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'Beasts of No Nation': Searing look at child soldiers

Like a lot of of boys, Agu is good at playing war. He's got the helmet, he's got the combat boots. Unlike most kids, though, the weapon he's lugging around in Cary Joji Fukunaga's brutal and beautiful Beasts of No Nation happens to be real.

Idris Elba and Abraham Attah in the Netflix original film "Beasts of No Nation." (TNS/Netflix)
Idris Elba and Abraham Attah in the Netflix original film "Beasts of No Nation." (TNS/Netflix)Read moreTNS

Like a lot of of boys, Agu is good at playing war. He's got the helmet, he's got the combat boots. Unlike most kids, though, the weapon he's lugging around in Cary Joji Fukunaga's brutal and beautiful Beasts of No Nation happens to be real.

Adapted from Uzodinma Iweala's 2005 novel about child soldiers in Africa, the film - the first feature to be acquired by Netflix, and launched Friday on the streaming platform that brought us House of Cards and Orange Is the New Black in tandem with Oscar-qualifying runs in select theaters - takes a hard look at the carnage and chaos that has riven the continent. The country goes unnamed, the warring factions aren't always clear, but the nightmarish exploitation of children is made specific in the most vivid, visceral ways.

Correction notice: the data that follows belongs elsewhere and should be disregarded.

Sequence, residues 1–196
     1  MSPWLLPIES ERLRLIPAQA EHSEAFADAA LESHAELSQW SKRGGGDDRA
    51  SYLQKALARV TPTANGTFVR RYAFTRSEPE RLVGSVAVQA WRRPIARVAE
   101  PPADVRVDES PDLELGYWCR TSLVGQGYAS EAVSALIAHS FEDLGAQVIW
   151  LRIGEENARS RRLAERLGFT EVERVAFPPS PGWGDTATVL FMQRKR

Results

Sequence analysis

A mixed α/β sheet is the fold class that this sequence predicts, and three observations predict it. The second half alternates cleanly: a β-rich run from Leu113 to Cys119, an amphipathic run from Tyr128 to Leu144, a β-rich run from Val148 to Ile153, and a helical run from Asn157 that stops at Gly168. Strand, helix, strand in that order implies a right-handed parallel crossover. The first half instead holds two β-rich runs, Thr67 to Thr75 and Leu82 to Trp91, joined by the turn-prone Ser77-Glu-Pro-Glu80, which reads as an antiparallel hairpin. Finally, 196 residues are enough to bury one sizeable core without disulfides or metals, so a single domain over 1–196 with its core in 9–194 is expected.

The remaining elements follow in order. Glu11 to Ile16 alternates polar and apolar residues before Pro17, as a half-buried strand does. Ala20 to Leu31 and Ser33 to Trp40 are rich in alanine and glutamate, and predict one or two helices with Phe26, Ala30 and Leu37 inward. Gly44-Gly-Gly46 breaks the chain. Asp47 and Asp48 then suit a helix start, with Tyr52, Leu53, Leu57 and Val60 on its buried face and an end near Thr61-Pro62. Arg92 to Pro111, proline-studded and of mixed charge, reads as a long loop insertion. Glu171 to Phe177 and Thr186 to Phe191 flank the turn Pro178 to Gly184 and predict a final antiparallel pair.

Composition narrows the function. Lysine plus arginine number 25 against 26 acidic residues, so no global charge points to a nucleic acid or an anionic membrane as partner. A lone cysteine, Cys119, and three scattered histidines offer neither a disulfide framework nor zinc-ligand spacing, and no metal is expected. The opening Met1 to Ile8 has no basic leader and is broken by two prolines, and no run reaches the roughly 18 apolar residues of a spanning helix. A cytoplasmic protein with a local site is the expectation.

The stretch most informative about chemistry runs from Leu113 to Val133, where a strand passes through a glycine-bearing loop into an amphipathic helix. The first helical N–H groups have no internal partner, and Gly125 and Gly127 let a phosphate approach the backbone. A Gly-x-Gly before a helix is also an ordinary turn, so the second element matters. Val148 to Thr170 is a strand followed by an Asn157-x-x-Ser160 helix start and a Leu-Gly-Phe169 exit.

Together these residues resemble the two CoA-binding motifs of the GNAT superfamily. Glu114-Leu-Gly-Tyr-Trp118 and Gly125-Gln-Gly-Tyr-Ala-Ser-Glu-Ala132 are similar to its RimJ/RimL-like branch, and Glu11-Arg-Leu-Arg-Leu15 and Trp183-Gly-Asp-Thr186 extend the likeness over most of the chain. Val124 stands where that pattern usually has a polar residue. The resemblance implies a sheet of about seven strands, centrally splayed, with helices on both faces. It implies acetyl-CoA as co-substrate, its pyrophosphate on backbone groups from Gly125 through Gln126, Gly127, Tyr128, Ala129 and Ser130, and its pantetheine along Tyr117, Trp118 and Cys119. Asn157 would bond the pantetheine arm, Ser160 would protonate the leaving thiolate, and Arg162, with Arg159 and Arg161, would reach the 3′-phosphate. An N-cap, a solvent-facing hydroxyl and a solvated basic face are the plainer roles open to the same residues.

On the run when the village where he lives is attacked by troops from a military junta, Agu (the remarkable Ghanian teen Abraham Attah) wanders in the wild, hungry and afraid, until he is discovered by a ragtag rebel battalion. Their leader, the Commandant (Idris Elba), wears the stars of a general on his beret, puffs on big cigarettes, and gives Agu the chance to join his fighters. All the boy has to do is bring a machete down on the head of a captive, an engineering student pulled from a convoy, who the Commandant tells Agu was responsible for killing his family.

Beasts of No Nation plays like some horrific cross between Lord of the Flies and Heart of Darkness, but with the sweeping vistas and saturated colors that have become a trademark of Fukunaga's films. (The director's brilliant 2009 debut, Sin Nombre, followed a Honduran teen as she winds her way through Central America trying to cross into the States. One of its main characters is a young boy sucked into a world of gang violence.)

Beasts of No Nation is a story of lost innocence, raging bloodshed, and maybe, just maybe, of the resilience of youth. Fukunaga, who trained the same cinematic eye on his tale of ritual killing in the Louisiana swamps in the first season of HBO's True Detective, contrasts a world of natural beauty (and even the beauty in a battle trench filled with mud) with a world of unspeakable crimes.

It is a world where kids don't belong - and where kids find themselves caught in the maelstrom and the madness.

srea@phillynews.com

215-854-5629

@Steven_Rea

Beasts of No Nation *** (Out of four stars)

StartText

Directed by Cary Joji Fukunaga.

With Abraham Attah and Idris Elba. Distributed by Bleecker Street Films.

Running time: 2 hours, 17 mins.

Parent's guide: No MPAA rating (graphic violence, profanity, adult themes).

Playing at: Ritz Five. EndText

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